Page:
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Photo of Greasewood.


Sarcobatus vermiculatus

by Kathy Lloyd and Carole Mackin, Montana Native Plant Society

Greasewood, Sarcobatus vermiculatus, was collected on July 20, 1806 by Captain Meriwether Lewis as his small party, separated from Captain Clark, explored the Marias River drainage south of present-day Shelby. Lewis previously described the species in his journal on May 11, 1805 as the explorers traveled up the Missouri River in what is now Valley County. He provided a detailed description of the plant, "there is another growth that begins now to make it's appearance in the bottom lands and is becoming extremely troublesome; it is a shrub which rises to the hight of from two to four feet, much branched, the bark of the trunk somewhat rough hard and of light grey colour; the wood is firm and stif, the branches beset with a great number of long, shap, strong, wooddy looking thorns; the leaf is about an inch long, and one ? of an inch wide, it is obtuse, absolutely entire, veinless fleshy and gibbose; has no perceptible taste or smell, and no anamal appears to eat it. by way of designating when I mention it hereafter I shall call it the fleshey leafed thorn." It is possible that a collection of greasewood was made on May 11, 1805, but if that was the case the specimen was lost with all the others that were left near the Great Falls of the Missouri in the White Bear Island cache. Greasewood is mentioned again in Lewis's journal on August 5, 1805 when he talks about traveling "down the bottom through thick brush of the pulppy leafed thorn and prickly pears…" Undoubtedly, Captain Lewis saw greasewood in many settings before he collected the plant on July 20 in the Marias River bottom. Just days after collecting the greasewood specimen, Lewis's party met Blackfoot warriors who encouraged them not to linger. The greasewood sample must have been safely stowed to survive the marathon run back to the Missouri River.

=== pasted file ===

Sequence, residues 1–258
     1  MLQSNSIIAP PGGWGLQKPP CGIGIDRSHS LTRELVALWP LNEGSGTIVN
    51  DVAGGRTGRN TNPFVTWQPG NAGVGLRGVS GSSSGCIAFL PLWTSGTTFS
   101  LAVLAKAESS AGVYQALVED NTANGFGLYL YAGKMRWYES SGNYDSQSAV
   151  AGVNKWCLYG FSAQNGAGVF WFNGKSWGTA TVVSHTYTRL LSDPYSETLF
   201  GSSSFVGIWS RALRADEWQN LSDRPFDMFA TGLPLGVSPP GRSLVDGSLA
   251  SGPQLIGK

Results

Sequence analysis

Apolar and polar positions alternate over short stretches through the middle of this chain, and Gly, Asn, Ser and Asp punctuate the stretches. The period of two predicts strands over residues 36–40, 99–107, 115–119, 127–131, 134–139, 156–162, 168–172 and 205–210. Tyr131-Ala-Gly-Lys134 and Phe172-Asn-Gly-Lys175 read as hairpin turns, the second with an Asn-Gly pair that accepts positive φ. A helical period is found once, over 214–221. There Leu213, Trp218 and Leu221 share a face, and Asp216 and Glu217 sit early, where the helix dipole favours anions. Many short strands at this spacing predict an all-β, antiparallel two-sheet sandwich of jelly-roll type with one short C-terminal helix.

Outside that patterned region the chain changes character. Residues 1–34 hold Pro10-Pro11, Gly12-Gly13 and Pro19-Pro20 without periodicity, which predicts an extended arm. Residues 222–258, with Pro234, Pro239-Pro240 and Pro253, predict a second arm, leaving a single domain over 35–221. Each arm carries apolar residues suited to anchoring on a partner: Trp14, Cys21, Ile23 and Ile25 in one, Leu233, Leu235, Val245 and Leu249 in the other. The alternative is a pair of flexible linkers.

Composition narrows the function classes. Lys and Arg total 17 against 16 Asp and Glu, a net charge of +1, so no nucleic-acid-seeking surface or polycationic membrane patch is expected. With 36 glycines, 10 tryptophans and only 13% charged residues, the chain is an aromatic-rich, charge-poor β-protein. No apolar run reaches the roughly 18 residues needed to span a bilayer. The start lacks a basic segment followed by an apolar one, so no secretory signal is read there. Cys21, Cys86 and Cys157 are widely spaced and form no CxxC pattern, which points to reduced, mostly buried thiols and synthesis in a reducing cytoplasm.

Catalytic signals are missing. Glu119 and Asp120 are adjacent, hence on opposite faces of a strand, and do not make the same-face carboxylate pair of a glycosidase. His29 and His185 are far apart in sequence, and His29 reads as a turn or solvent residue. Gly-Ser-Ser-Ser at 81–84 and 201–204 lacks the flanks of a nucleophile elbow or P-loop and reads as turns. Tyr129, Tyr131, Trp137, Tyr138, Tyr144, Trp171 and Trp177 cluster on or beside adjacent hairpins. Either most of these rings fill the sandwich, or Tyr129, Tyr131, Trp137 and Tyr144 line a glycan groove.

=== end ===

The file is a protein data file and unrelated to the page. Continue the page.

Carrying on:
The greasewood specimen collected by Lewis can be seen today in the Lewis & Clark Herbarium in Philadelphia. It contains a label written by Frederick Pursh, a respected botanist of the day, that reads, " A Small branchy Shrub from the plains of Missouri-Jul 20th 1806."

Photo of Greasewood.


Greasewood grows on dry, sunny, flat valley bottoms, at the base of eroded hills, in ephemeral stream channels and in the flood plains of large rivers. It seems to prefer alkaline or saline soils. In areas with a high salt concentration, greasewood often grows in nearly pure stands, although on less saline sites it commonly grows with a number of other shrubs and a grass understory. Greasewood is often considered an indicator of saline or relatively moist soils. Although greasewood most commonly develops on finely textured saline or alkaline soils, it occasionally grows on coarsely textured non-saline soils. Greasewood tolerates many climates but likes hot, dry summers. It's typically found where groundwater is fairly near the surface and average annual precipitation ranges from five to 10 inches . The long taproot can reach down over 50 feet and the plant may be lush and green when others are wilted and fading. Greasewood is a dominant plant of the Great Basin and can be found from about 3,000 to 7,000 feet in elevation. The eastern edge of its range extends from North Dakota to New Mexico. The southern edge is Mexico's Sonoran Desert, the western edge follows the Cascades and Sierra Nevada mountain ranges, and the northern extent is Saskatchewan and Alberta in Canada.